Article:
A Philippine Airlines (PAL) plane bringing home returning Overseas Filipino Workers (OFWs) landed at the Subic Bay International Airport (SBIA) on Wednesday, July 7, marking the first time that a passenger flight arrived here since 2011.
Subic Bay Metropolitan Authority (SBMA) chairman and administrator Wilma Eisma, said the arrival ended a decade-long drought for SBIA, as the last commercial plane to land here was an Astro Air flight in 2011.
Eisma was on hand to welcome the arriving workers at the Subic tarmac. She said PAL’s OFW flight was “a momentous occasion, as it marked the first time that the Subic airport served as an alternate entry point for OFWs wanting to return to the Philippines.”
Eisma said that it was more than a year ago when Senator Richard Gordon asked the government’s COVID-19 task force to open Subic, Clark, and Mactan airports to allow more passenger flights for Filipino migrant workers who were displaced by the COVID-19 pandemic and stranded in their host countries for months.
“After one year, here we are,” Eisma said. “And we hope that, aside from being able to help out in the repatriation of OFWs, this would be the start of regular passenger flights here in Subic,” the SBMA chief added.
PAL’s Flight PR5683 from Dammam, Saudi Arabia arrived here on Wednesday at 11:02 am and was met with an inaugural water salute at the tarmac by a firetruck from the SBMA Fire Department.
The plane carried 293 OFWs, as well as four seafarers and two returning overseas Filipinos (ROFs).
Eisma said the 299 passengers would be quarantined from seven to 10 days in hotels and other accommodation facilities inside the Subic Bay Freeport that are duly accredited by the Department of Tourism (DOT) and certified by the Bureau of Quarantine (BOQ).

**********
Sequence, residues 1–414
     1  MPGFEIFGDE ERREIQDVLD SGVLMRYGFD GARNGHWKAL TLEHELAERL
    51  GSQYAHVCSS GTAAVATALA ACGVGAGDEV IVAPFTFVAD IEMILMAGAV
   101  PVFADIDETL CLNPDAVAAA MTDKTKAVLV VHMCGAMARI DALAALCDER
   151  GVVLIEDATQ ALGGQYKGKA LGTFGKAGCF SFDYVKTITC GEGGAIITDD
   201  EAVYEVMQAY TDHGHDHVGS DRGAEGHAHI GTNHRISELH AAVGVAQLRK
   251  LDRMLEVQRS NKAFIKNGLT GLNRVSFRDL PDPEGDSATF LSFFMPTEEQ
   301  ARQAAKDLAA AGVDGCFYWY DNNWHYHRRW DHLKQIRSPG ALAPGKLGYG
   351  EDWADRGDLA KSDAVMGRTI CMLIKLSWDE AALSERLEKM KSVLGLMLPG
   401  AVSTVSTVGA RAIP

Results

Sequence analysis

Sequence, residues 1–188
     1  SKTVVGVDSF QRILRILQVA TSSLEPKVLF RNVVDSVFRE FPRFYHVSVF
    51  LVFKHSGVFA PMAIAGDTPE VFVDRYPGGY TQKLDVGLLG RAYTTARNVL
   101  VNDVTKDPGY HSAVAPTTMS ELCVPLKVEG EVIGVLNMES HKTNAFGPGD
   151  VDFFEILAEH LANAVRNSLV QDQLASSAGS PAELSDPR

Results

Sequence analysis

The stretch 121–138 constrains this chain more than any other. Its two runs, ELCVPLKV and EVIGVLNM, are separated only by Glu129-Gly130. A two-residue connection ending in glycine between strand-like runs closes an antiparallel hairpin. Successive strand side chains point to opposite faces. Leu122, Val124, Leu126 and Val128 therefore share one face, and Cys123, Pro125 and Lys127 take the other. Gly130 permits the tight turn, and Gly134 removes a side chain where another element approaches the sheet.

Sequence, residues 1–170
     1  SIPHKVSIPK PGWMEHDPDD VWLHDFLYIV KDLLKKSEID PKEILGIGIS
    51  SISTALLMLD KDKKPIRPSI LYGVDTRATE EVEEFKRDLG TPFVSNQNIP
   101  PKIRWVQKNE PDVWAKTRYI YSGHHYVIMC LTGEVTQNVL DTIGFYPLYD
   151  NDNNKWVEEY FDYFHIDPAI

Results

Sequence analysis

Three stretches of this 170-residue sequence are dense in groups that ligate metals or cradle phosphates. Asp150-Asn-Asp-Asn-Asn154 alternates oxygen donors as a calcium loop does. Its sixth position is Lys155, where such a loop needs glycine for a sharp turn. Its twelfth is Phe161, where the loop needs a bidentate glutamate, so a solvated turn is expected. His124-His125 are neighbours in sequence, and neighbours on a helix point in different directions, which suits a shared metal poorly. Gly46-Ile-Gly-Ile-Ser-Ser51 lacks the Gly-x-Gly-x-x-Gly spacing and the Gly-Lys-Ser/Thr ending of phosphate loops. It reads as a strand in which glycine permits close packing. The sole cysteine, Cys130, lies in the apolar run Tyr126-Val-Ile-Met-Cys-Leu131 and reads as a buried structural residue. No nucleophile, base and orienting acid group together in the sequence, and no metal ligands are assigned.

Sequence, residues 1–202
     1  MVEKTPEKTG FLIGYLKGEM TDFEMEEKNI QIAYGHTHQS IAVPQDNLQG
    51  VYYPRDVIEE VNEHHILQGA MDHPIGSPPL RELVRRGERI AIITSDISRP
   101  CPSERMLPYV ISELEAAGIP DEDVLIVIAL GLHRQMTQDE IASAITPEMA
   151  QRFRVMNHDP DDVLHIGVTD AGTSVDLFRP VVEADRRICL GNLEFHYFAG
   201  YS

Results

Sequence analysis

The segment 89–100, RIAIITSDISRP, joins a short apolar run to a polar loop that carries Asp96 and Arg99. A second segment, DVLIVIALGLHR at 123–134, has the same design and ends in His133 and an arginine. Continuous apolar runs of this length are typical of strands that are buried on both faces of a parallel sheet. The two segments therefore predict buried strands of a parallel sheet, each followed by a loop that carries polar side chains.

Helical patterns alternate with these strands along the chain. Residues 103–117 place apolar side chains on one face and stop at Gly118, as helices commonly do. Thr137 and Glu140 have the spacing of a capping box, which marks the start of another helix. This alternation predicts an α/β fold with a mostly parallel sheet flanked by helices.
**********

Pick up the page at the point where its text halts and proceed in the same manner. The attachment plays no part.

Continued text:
The flight on Wednesday was the second of six arrivals scheduled by PAL for Subic this month under the government’s program to facilitate the return of overseas Filipinos during the COVID-19 pandemic.
The first PAL flight that was scheduled to arrive in Subic on Monday, July 5 but was rerouted to the Diosdado Macapagal International Airport (DMIA) at the Clark Freeport Zone due to strong tailwinds. That plane, also originated from Dammam and carried 309 OFWs, two seafarers, and one ROF.
The next flight schedules to Subic will be on July 15, 17, 25, and 27 with an average of 230 passengers in each of the PAL Airbus A330 flights.
Eisma said OFW flights to Subic complied with the policy of the Civil Aeronautics Board (CAB) to impose a limit for all international airports in the country to accommodate just 1,500 passengers per day. Because of this, PAL has distributed its flights to various airports to accommodate the market, she added.
The SBMA chief said earlier that the OFW arrivals would create “positive impact on local tourism that would also redound to the benefit of workers, business establishments, and service operators in our communities.”
She also said that accommodation facilities outside the Subic Bay Freeport may also benefit from any overflow that may ensue from the arrival of returning overseas workers via Subic. – Rappler.com
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